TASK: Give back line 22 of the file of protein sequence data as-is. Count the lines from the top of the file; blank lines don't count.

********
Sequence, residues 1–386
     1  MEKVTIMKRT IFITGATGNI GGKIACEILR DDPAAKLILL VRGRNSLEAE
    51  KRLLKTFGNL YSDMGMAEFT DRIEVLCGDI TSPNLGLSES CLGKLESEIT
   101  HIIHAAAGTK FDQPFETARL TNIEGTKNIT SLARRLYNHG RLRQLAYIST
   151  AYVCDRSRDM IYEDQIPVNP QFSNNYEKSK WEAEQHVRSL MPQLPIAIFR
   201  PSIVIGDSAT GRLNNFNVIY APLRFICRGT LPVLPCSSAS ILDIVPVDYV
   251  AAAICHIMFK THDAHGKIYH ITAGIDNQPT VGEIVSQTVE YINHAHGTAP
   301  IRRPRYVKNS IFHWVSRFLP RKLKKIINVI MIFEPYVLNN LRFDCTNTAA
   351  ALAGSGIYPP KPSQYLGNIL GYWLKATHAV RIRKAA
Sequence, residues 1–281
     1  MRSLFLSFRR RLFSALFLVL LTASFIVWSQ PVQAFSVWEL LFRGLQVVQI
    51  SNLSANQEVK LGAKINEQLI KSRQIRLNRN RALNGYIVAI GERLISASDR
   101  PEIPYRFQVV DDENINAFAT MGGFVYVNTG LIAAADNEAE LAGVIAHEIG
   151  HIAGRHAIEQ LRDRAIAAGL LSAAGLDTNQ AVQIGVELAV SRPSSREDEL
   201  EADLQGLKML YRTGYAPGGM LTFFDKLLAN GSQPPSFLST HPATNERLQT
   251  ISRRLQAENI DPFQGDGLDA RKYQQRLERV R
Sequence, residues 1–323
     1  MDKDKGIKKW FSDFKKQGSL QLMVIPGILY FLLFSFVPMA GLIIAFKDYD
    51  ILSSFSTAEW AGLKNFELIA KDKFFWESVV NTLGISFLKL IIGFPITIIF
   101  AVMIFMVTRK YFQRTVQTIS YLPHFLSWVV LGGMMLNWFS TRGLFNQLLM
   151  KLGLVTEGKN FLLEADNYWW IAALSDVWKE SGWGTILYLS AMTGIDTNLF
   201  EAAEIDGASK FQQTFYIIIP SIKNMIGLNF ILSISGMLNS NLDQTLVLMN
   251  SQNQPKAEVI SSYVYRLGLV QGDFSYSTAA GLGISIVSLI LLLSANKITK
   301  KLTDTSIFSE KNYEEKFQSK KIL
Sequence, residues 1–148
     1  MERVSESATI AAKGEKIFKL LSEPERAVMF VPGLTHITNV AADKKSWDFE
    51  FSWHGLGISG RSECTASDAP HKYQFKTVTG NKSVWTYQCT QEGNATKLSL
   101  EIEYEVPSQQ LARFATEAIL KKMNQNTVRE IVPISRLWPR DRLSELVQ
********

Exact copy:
   201  EAAEIDGASK FQQTFYIIIP SIKNMIGLNF ILSISGMLNS NLDQTLVLMN